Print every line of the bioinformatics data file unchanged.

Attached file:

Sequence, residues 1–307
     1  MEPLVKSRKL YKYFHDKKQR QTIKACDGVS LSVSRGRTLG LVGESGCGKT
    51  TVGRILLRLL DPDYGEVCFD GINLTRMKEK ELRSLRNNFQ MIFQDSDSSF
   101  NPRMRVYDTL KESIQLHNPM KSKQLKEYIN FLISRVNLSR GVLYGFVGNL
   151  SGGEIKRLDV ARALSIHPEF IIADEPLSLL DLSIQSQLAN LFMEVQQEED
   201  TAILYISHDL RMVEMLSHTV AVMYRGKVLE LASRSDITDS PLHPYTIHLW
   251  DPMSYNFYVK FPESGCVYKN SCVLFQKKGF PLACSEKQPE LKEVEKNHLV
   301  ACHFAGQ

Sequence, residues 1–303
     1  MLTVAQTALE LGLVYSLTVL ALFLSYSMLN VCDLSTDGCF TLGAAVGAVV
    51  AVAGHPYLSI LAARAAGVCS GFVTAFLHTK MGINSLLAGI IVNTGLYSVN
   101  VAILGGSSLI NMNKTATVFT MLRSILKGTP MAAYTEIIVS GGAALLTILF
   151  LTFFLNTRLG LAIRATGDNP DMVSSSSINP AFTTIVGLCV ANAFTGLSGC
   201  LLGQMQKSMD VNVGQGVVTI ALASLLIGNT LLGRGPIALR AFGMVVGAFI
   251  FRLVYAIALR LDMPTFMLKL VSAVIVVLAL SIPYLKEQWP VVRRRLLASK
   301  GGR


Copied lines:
Sequence, residues 1–307
     1  MEPLVKSRKL YKYFHDKKQR QTIKACDGVS LSVSRGRTLG LVGESGCGKT
    51  TVGRILLRLL DPDYGEVCFD GINLTRMKEK ELRSLRNNFQ MIFQDSDSSF
   101  NPRMRVYDTL KESIQLHNPM KSKQLKEYIN FLISRVNLSR GVLYGFVGNL
   151  SGGEIKRLDV ARALSIHPEF IIADEPLSLL DLSIQSQLAN LFMEVQQEED
   201  TAILYISHDL RMVEMLSHTV AVMYRGKVLE LASRSDITDS PLHPYTIHLW
   251  DPMSYNFYVK FPESGCVYKN SCVLFQKKGF PLACSEKQPE LKEVEKNHLV
   301  ACHFAGQ

Sequence, residues 1–303
     1  MLTVAQTALE LGLVYSLTVL ALFLSYSMLN VCDLSTDGCF TLGAAVGAVV
    51  AVAGHPYLSI LAARAAGVCS GFVTAFLHTK MGINSLLAGI IVNTGLYSVN
   101  VAILGGSSLI NMNKTATVFT MLRSILKGTP MAAYTEIIVS GGAALLTILF
   151  LTFFLNTRLG LAIRATGDNP DMVSSSSINP AFTTIVGLCV ANAFTGLSGC
   201  LLGQMQKSMD VNVGQGVVTI ALASLLIGNT LLGRGPIALR AFGMVVGAFI
   251  FRLVYAIALR LDMPTFMLKL VSAVIVVLAL SIPYLKEQWP VVRRRLLASK
   301  GGR